‘I’m here demanding they take the issue under serious consideration and they need to pull out of Iraq immediately and stop telling the public lies and isolating one community completely.’
Prasanth Wes, an artist from London, said: ‘I’ve always been against the war and it’s getting more and more clear that the situation is totally out of control.
‘We’ve just gone and messed up the whole of the Middle East and it’s quite appalling what’s happening: 665,000 Iraqis have died.’
Steve Barnes from London said: ‘This is the first debate in parliament on Iraq for a long time.
‘What I think they should be discussing is not whether there should be an inquiry, but about the war crimes that are happening in Iraq as we speak. That is the issue.
‘We should bring the country to a halt to bring about peace and justice throughout the world. That’s what I think should be done.’
Nina Cosslett, from New Zealand, and Amir Laher, from London, also spoke to News Line.
Nina said: ‘I want to see Tony Blair held accountable: it would send a message that you can’t just occupy another country.
‘I think Blair should be charged with war crimes.’
Amir said: ‘The important first step is recognising that it is an occupation, rather than a war.
‘It is time to pull the troops out and spend the billions on aid instead of weapons.’
A mother from London, said: ‘This along with climate change are the two most important issues going on in the world and if we don’t deal with them with as much passion as possible, we may not have a world for our children. It’s as simple as that.
‘If only all the people on the buses and in their cars all got out and filled the streets and surrounded parliament and made it impossible for them to ignore us, then they would have no choice.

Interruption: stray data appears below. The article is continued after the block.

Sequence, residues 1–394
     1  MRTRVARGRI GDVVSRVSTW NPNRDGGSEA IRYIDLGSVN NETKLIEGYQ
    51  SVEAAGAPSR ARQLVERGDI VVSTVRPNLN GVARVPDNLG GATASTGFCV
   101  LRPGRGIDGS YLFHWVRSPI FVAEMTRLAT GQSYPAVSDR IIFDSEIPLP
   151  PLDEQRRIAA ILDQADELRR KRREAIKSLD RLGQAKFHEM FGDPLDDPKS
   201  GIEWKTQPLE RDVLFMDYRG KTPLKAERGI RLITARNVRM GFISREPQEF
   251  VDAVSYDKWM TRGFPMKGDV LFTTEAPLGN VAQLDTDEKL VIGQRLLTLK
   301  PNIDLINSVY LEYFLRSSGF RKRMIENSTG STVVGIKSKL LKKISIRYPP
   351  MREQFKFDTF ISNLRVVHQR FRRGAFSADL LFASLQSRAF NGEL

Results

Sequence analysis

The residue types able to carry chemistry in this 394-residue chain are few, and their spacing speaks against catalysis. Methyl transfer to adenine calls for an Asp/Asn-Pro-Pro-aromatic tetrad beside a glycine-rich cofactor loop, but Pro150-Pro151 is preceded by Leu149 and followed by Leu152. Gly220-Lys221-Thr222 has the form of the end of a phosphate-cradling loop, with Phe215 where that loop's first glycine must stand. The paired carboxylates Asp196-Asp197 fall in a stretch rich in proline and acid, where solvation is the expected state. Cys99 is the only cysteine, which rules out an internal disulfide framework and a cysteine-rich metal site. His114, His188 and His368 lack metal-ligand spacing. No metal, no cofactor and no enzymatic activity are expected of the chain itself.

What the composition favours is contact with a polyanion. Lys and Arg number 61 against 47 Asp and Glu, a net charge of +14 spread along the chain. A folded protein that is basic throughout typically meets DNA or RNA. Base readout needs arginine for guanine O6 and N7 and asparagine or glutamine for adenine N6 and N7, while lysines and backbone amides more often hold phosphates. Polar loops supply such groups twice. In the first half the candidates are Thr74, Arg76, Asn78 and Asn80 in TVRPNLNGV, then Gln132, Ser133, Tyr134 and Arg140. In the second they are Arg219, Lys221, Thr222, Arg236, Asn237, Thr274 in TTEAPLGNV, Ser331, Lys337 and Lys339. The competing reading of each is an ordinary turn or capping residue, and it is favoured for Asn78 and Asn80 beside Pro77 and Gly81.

‘Demonstrations have toppled governments in the past.
‘We need some kind of revolution, but no government that I can see is going to offer that. They’re all just as bad as each other.’
Inkeri Tuomola, from Finland, said: ‘I want the occupation of Iraq to end immediately.
‘I have been part of the movement opposed to the war from the very beginning.
‘I don’t know what we can do.
‘I think students should be much more active.
‘Iraqi people are not just numbers, they should not be forgotten.
‘I don’t think there is one person left in Iraq who hasn’t lost someone close to them.
‘We know there’s a war, we know people are dying, but we can’t put ourselves in their position. It’s way to arrogant to ignore them.’
Angry demonstrators said what they thought of the government and the new police powers to curb and stop protests, shouting: ‘They arrest students so they all have criminal records, while they are killing children in Iraq. This is their democracy.’
Brian Haw, who has maintained a non-stop vigil outside parliament, despite threats and arrests, said: ‘You will hear the voice of the people. The people say peace!’
‘Don’t hide the genocide!’ he shouted through his megaphone.
Tony Benn addressed the crowd, saying: ‘The demonstration in Parliament Square today is far more representative of public opinion in Britain and America than you get on the other side of the street in the House of Commons.
‘Our argument has won the day.
‘What we have to do now is get the troops out of Iraq and out of Afghanistan and we’ve got to tackle the issue of Israeli aggression against Syria and get the West Bank for the Palestinians.
‘This is not a war against terrorism, this is a war against Iraq, against Afghanistan and a threat of war against Iran.’
Afterwards Lindsay German, from the Stop The War Coalition, said the vote by a majority of 25 in the government’s favour showed that ‘very few Labour MPs revolted.’